In our daily lives, we constantly receive sensory information from our environment. Most people are familiar with the classic five senses—sight, sound, touch, taste, and smell—but there’s another sense known as “interoception” that’s not as commonly discussed. Interoception is at the crux of our internal bodily sensations and plays a pivotal role in how we perceive and interact with the world. Adding another layer of depth to the concept of interoception is the theory of predictive coding, a fundamental framework of brain function. When we merge these concepts with insights from research into psychedelic-assisted therapy, we can cultivate a deeper sense of connection, improving our relationships with ourselves and others.
What is Interoception?
Interoception is our ability to sense, interpret, and integrate internal bodily sensations. It’s the reason we feel hunger, thirst, and the need to breathe. Author of the recently published book How to Change Your Body: The Science of Interoception and Healing through Connection to Yourself and Others, Saga Briggs, explains that “…interoception is like mindfulness for the body—it’s what allows us to be aware of our own well-being. And it’s unique for everyone, although it’s generalizable enough that we can often understand each other’s descriptions of interoceptive sensations.”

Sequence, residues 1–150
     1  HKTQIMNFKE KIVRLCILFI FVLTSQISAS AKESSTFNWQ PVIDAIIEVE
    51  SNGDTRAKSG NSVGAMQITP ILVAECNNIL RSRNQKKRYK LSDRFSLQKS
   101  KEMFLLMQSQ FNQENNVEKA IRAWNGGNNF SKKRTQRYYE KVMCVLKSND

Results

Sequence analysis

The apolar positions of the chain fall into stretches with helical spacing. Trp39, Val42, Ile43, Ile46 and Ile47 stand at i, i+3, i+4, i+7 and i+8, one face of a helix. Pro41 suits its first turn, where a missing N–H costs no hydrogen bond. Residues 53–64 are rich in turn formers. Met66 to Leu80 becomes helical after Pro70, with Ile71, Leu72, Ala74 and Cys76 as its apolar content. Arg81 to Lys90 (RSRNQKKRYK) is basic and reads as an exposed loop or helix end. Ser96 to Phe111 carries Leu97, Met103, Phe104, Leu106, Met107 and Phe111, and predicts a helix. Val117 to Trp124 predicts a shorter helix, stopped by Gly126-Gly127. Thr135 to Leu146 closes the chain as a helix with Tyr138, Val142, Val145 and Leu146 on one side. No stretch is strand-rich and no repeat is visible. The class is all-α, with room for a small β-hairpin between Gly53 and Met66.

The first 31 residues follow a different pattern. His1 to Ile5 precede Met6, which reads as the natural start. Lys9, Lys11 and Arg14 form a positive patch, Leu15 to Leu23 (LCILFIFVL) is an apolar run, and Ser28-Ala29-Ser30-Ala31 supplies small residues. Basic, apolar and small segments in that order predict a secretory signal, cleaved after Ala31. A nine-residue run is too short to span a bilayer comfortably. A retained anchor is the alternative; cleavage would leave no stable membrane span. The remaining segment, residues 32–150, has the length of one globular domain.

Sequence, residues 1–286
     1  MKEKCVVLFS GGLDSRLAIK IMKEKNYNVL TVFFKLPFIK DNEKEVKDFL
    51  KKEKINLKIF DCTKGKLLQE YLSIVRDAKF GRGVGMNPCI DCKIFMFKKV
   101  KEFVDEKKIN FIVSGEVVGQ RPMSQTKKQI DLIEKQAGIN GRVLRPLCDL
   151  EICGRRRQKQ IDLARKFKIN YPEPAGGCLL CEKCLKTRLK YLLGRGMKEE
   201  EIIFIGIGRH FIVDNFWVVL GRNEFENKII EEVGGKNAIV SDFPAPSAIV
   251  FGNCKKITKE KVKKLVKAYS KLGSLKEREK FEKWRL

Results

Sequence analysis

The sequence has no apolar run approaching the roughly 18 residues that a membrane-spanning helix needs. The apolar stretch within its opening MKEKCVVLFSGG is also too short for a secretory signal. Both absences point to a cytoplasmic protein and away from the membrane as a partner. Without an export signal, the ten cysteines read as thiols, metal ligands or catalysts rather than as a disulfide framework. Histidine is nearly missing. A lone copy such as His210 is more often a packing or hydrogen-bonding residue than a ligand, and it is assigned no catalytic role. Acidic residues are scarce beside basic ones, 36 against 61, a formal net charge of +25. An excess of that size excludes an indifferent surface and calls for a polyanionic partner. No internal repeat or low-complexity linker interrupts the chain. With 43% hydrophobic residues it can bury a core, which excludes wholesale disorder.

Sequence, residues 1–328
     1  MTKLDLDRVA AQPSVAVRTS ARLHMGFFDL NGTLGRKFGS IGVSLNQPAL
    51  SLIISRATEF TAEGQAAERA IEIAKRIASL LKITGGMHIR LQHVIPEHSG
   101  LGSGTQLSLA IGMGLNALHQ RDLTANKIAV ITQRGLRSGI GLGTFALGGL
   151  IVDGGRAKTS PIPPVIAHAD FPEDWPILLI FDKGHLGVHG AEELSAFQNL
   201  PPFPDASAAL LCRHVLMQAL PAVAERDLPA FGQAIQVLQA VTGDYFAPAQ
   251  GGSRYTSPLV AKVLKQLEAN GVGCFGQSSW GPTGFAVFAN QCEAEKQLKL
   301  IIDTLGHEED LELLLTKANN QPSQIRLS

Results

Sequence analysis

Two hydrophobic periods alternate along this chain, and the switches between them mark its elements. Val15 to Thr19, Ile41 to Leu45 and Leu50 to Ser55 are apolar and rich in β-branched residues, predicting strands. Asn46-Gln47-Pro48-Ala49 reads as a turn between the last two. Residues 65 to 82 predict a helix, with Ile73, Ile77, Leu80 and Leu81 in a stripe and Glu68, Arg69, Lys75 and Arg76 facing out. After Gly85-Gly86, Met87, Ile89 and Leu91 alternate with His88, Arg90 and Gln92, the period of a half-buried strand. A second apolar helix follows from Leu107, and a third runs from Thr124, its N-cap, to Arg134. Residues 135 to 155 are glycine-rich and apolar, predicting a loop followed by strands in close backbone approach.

Interoception helps us be aware of our heart rate, respiratory rate, and even the sensations in our gut. All these internal signals provide feedback to the brain about the state of our body, playing a crucial role in maintaining physiological homeostasis. Beyond just physiological sensations, interoception is closely connected with our emotions. Ever felt “butterflies in your stomach” when nervous, or a “heavy heart” when sad? These emotional states manifest as tangible bodily sensations through the interoceptive system.